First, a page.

Publication LHPC WorksJune 2018 Issue

Connecting Health Care and Housing

The conditions in which people are born, grow, live, work, and age have such significant influence on an individual’s health that the World Health Organization calls them “social determinants of health” (SDOH). Local plans, with a depth of understanding about and connections to their communities, are finding creative solutions to better bridge the divide between health care delivery and SDOHs – with particular focus on housing, which is among the most pressing and complex of SDOHs to address within regulatory restrictions.

For individuals experiencing homelessness or housing insecurity – who struggle to meet basic needs like food and shelter — managing their overall health and seeking appropriate care can be a tremendous challenge. Federal Medicaid requirements prohibit the use of its funds for “hard“ housing costs like rent. So, California’s local health plans have developed other strategies to improve the connections between health and housing. Success stories include:

CalOptima’s Recuperative Care Pilot: This innovative pilot program was created in 2015 to address the health care needs of Orange County’s homeless population. To date, the plan has allocated $1 million so homeless members can go to a recuperative care setting rather than back to the street upon discharge from the hospital. Recuperative care centers offer temporary housing so patients can recover from an illness or injury in a clean and safe setting. These care centers also provide referrals to social services and case management, food and housing. Providing a pathway to recuperative care has resulted in fewer hospital readmissions and fewer avoidable emergency department visits. So far, more than 700 members have received recuperative care through the pilot. CalOptima continues to examine how to best serve its homeless population and is considering an additional investment in expanded recuperative care services.

Health Plan of San Mateo’s Community Care Settings Pilot: The Health Plan of San Mateo (HPSM) created the Community Care Settings Pilot (CCSP) in 2014 to reduce unnecessary institutionalizations for seniors and persons with disabilities residing in skilled nursing facilities (SNFs). This pilot focuses on helping individuals transition back to living independently and in the right setting through assisted living, residential care, senior housing or their own apartment with additional support and services provided by the health plan. Not only is community-based living more cost effective, it often is the most commonly expressed goal of the individuals. To-date, the plan has transitioned more than 200 members safely back into the community through its partnership with housing agency Brilliant Corners and the Institute on Aging and by providing intensive case management, housing and other services.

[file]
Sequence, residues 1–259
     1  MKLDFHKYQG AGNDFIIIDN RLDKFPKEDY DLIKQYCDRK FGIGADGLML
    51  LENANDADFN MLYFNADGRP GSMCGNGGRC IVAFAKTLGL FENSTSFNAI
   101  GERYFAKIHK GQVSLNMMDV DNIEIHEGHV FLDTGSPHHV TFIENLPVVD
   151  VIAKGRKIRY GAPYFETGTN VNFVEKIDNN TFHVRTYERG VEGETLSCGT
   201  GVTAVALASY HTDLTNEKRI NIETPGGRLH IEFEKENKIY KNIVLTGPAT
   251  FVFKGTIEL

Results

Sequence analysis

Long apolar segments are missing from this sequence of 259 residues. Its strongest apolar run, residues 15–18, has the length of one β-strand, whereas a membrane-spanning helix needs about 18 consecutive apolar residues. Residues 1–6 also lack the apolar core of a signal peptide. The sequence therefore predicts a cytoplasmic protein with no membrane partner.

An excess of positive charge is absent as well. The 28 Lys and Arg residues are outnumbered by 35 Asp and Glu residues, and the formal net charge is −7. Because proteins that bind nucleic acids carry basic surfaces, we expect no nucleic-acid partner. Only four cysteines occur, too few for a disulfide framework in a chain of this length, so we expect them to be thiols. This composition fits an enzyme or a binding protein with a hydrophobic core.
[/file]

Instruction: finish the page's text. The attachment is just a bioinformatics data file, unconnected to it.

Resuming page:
The results of the pilot are promising: 72% of CCSP members remain in the community; costs per member are 40% lower; and members report increased satisfaction

Inland Empire Health Plan’s Homeless Housing Initiative: Inland Empire Health Plan (IEHP) recently launched an initiative to help its homeless members in Riverside and San Bernardino counties access “permanent supportive housing” (PSH), which pairs housing and rental assistance programs with IEHP’s supportive services (e.g., intensive case management). The plan’s goal is to provide PSH and wrap-around case management services to 350 homeless members. While the program is starting as a pilot, IEHP hopes to demonstrate that it will improve members’ health and reduce medical costs, which will allow the plan to expand the initiative in the future.

Last year, LA Care committed unprecedented financial support, also in partnership with Brilliant Corners, to fund local efforts to secure housing for homeless in Los Angeles County. The Central California Alliance for Health (CCAH), serving Santa Cruz, Monterey and Merced counties, is addressing social determinants for their members. To date, they have dedicated $5.3 million to support construction of permanent supportive housing for Medi-Cal members with complex health and social needs. While the specific goals of each local initiative may be slightly different, all reflect the increasing focus on linking health care and housing in order to improve outcomes and reduced unnecessary cost.

As California continues to grapple with its escalating homelessness crisis, LHPC member plans will play a critical role in addressing this issue and its impacts in their respective communities. Moving forward, local plans intend to continue working with our partners to ensure the Medi-Cal program modernizes to support and promote the types of innovations that improve the SDOHs.

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